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Star-Hunting off the Grid, Day 140

November 11, 2010


Milky Way Road Trip in Turkey

Photo by Tunç Tezel

Despite good friends and heightened activity, a day of depression always seems to find me when the weather turns cold and especially if I’ve had one myself, in the form of a virus. In the city, it always strikes me as funny when I feel alone surrounded by a sea of people. In a more rural or suburban setting, it surprisingly feels no different. Shockingly, my occasional loneliness and depression heals and dissipates only when I make the time to get away and actually be alone.


Photo by Abigail Wright

On my first free weekend in the Tri-Cities, I traveled to Portland and stopped to smell the roses at the International Rose Test Garden. That, plus some good jazz, a night alone, and a long drive back and forth through scenic Mt. Hood gave me the sanity to last a couple of weeks of rehearsal time away from home. Although my trip to Seattle didn’t provide too much alone time, the drive and the change of scenery the following week definitely helped too.  Getting sick last weekend did not.

Last night, feeling out of sorts and needing a pick up, I found myself charmed by the stars into driving a mere fifteen miles past my homestay to return to Coffin Road and sit alone to enjoy some meteors and the Milky Way. Approximately five miles into the trip however, I suddenly couldn’t see more than a couple of hundred feet in front of me. Enter foggy dust storm? Well, this is new. Checking into Foursquare with my location set to “off the grid” felt like a huge understatement.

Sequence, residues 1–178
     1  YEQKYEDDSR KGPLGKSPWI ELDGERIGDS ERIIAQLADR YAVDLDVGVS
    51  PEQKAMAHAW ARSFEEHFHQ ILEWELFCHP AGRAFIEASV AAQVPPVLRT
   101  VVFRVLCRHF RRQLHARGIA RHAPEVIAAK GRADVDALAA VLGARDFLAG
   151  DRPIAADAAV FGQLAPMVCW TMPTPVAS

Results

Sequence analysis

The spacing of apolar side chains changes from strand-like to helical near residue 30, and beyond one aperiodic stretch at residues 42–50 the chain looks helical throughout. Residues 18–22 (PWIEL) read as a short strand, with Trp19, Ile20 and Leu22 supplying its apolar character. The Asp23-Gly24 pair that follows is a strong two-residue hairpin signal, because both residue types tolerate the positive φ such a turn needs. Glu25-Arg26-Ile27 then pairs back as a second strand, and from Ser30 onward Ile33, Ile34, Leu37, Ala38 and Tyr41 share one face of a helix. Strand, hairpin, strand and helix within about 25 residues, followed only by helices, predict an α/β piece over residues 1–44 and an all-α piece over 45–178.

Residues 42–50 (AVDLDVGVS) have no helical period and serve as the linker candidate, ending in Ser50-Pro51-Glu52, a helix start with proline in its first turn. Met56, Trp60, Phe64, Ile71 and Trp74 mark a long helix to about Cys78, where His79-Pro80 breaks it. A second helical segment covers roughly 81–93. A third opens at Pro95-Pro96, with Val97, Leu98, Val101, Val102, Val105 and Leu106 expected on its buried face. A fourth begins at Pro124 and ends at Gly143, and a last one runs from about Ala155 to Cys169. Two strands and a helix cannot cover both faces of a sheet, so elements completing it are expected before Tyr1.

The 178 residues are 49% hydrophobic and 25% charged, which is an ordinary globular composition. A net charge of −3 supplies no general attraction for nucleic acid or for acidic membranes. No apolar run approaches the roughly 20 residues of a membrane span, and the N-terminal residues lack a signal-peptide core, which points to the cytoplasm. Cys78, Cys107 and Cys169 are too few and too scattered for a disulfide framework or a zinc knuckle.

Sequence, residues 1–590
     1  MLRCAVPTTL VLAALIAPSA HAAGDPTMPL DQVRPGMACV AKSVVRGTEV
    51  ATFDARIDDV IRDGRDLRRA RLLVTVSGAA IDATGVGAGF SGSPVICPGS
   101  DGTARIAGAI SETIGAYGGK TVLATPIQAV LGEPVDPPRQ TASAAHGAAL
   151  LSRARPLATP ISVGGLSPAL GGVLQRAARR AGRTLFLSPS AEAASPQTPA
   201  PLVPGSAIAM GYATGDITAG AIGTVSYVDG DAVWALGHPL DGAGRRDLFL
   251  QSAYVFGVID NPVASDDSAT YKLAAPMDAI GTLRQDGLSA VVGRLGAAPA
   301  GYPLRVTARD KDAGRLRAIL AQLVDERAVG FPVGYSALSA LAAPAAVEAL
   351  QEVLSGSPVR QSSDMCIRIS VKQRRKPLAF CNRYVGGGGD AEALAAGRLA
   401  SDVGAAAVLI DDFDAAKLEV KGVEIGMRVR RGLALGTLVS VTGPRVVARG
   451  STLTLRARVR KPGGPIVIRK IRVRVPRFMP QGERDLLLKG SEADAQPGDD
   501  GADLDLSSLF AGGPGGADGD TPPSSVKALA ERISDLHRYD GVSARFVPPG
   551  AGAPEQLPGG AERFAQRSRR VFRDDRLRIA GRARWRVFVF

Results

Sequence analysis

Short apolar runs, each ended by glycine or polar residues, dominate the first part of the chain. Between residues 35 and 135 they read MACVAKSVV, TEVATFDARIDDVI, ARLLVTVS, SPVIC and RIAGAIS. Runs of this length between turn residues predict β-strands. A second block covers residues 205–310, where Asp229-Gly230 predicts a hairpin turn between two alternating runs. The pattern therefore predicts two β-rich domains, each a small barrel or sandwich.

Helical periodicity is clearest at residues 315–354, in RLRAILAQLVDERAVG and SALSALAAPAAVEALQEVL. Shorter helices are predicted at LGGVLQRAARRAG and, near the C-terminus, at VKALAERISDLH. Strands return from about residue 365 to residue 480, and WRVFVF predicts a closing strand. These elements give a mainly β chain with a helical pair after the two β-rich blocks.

After a little faith and some persistence, I decided to pull off at the Coffin Road exit as planned, hoping by some miracle to happen upon a clearing from the storm. One easy mile later, the heavens opened, and I stood in awe at the universe I so rarely get to sit and inhale. Somehow, this simply complex reminder of our origins from stardust juxtaposed with the startlingly clear sky in the middle of a dust storm settled my heart and stripped my ego of its need to feel important. Today, surrounded by friends from the moment I leave my bedroom, I feel a little less lonely and remember one of my favorite speeches by Ellie, Jodie Foster‘s character, from the movie Contact:

“I was given something wonderful. Something that changed me. A vision of the universe that made it overwhelmingly clear just how tiny and insignificant – and how rare and precious we all are. A vision… that tells us we belong to something greater than ourselves… that we’re not -that none of us – is alone. I wish I could share it.  I wish everyone, if only for a moment – could feel that sense of awe, and humility… and hope. That continues to be my wish.”

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